For most of the 21st century, visitors to the North Platte office building at 501 S. Jeffers St. could see a massive Civil War-era U.S. map in the conference room.
Only now, as Doug Peterson and wife Brenda Grant prepare to sell their building, are they learning how unusual their map is.
They’re preparing to donate the 6-foot-square map to the Lincoln County Historical Museum, Grant said Saturday.
“I live in a house of windows,” said the owner of BG Stables near Interstate 80. “I don’t have a space 6-foot by 6-foot to spare.”
She bought the weathered but durable map 15 to 18 years ago at an antique flea market in Shipshewana, Indiana, east of South Bend.
Dated 1861, it shows not merely the boundaries, counties and cities of the nation’s territories and then-34 states but also 15 charts, smaller maps and illustrations mostly reflecting 1860 census data.
“Looking at the Nebraska outline there (on it), I thought it was really neat,” Grant said. “I love history. We live in Buffalo Bill’s hometown. How could you not love history?”
They hung it in Peterson’s Professional Insurance Advisors LLC building on Jeffers, where it has rarely failed to attract comments from visitors.
But Peterson has relocated to the third floor of the NebraskaLand National Bank building at 1400 S. Dewey St. Some of his other tenants also are moving.
The couple plans Wednesday to close their building’s sale to Dave and Matt Pederson, who plan to relocate their family law firm there from the downtown Wells Fargo & Co. building.
After deciding they couldn’t take the map home, Grant said, she put out online inquiries seeking potential buyers.
But she also set out to find out what her 159-year-old map might be worth.
Grant called Geographicus Rare Antique Maps, based in Brooklyn, New York, whose website showed an 1861 U.S. map similar to hers.
“I said, ‘I’m looking at this map,’” she said. ‘His reply was, ‘We have hundreds of maps. Which one are you looking at?’”
When she told him, the Brooklyn dealer said he had just sold such a map for $7,000.
It’s a second-edition copy of the “Washington Map,” first created in 1860 by Matthew Fontaine Maury, superintendent of the U.S. Naval Observatory.
A Virginian and one of his generation’s foremost navigators, scientists and cartographers, Maury resigned to join the Confederacy when the Civil War broke out.
As a result, his name and likeness were stricken from the 1861 version of his map. But his impressive summary of information remains.
Grant’s map, another copy of which resides at the Library of Congress, shows the boundaries and organization dates of the 36 counties in then 7-year-old Nebraska Territory.
Its chart of 1860 U.S. county populations includes the 114 people in Nebraska’s brand-new but loosely organized Shorter County. It isn’t depicted on the map, but it would be reorganized and renamed Lincoln County in 1866.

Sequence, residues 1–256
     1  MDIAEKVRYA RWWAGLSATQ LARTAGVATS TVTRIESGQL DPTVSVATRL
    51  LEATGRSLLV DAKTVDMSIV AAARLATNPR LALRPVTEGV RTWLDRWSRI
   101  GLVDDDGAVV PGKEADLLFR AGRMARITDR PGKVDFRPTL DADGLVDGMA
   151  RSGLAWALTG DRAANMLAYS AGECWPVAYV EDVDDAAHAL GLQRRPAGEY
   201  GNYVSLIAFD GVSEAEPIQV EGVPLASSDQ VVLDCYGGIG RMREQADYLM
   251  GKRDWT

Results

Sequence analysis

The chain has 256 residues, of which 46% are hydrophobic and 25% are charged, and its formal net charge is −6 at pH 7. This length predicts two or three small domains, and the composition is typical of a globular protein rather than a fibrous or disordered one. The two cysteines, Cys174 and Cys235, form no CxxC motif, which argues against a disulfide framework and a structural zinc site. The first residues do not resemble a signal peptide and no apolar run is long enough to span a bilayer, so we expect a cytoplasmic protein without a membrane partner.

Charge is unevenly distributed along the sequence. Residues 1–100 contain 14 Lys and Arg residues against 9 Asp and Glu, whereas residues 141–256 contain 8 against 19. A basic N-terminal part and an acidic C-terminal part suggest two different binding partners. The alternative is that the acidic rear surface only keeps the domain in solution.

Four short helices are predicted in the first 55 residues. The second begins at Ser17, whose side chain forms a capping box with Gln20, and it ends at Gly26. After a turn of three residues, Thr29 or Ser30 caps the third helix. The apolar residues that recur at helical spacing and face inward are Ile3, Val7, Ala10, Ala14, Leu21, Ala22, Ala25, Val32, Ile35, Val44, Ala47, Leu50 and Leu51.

Grant said she’s long loved the 1861 map’s inclusion of possible routes for a transcontinental railroad from surveys done by the U.S. Army between 1853 and 1855.
It shows the eventual Union Pacific, organized a year later, running not along the South Platte River but northwest up the North Platte River valley. U.P. built the current branch line there much later.
Grant said she received enthusiastic bids from as far away as California and down into Mexico. But she decided to donate the map instead.
“Doug came home one night,” she said, “and I said, ‘I’ve been thinking about this all day. I’m not going to sell it for a pittance of what it’s worth, but I will donate it to the museum.’”
She’ll take the map to the county historical museum in the next few days, Grant said. Jim Griffin, the museum’s director and curator, said it should mesh well with displays on Fort McPherson, organized in 1863.
“I think it’ll give people a good idea of what was known about the country at that time,” he said.
Except, it turns out, for the exact boundary of Nebraska Territory on the eve of civil war.
Further investigation by The Telegraph found that both the Geographicus website and the Library of Congress have two different versions of the 1861 map soon to reside at the museum.
Nebraska Territory, which originally stretched north and west to the Canadian border and the Rocky Mountains, was shrunk twice by Congress in a two-day period as Abraham Lincoln prepared to assume the presidency on March 4, 1861.
Both maps show the brand-new Colorado Territory, created to the south on Feb. 28, as well as the massive Dakota Territory to the north that Congress created on March 2.
But the bill creating Dakota did more than that.
It also gave Nebraska Territory a sliver of land from Washington Territory to square off an “extended” Panhandle across most of southern Wyoming. (It would be chopped to its current size in 1863, four years before statehood.)
Grant’s map doesn’t include the added sliver. The version Geographicus told her about — the one that sold for $7,000 — does.
Like a two-headed coin or a misprinted dollar bill, the difference suggests the U.S. government sold Grant’s map for only a brief time before issuing a corrected map.
That only makes her map more special, she said.
“I hope people go out (to the museum) and look at this,” she said. “I think this is an awesome piece.”